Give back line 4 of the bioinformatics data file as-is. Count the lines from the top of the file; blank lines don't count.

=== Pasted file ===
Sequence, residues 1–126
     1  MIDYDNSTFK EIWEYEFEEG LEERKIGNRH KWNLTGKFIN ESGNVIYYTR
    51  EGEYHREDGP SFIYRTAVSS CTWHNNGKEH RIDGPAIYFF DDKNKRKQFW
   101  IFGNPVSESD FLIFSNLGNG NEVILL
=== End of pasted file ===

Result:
   101  IFGNPVSESD FLIFSNLGNG NEVILL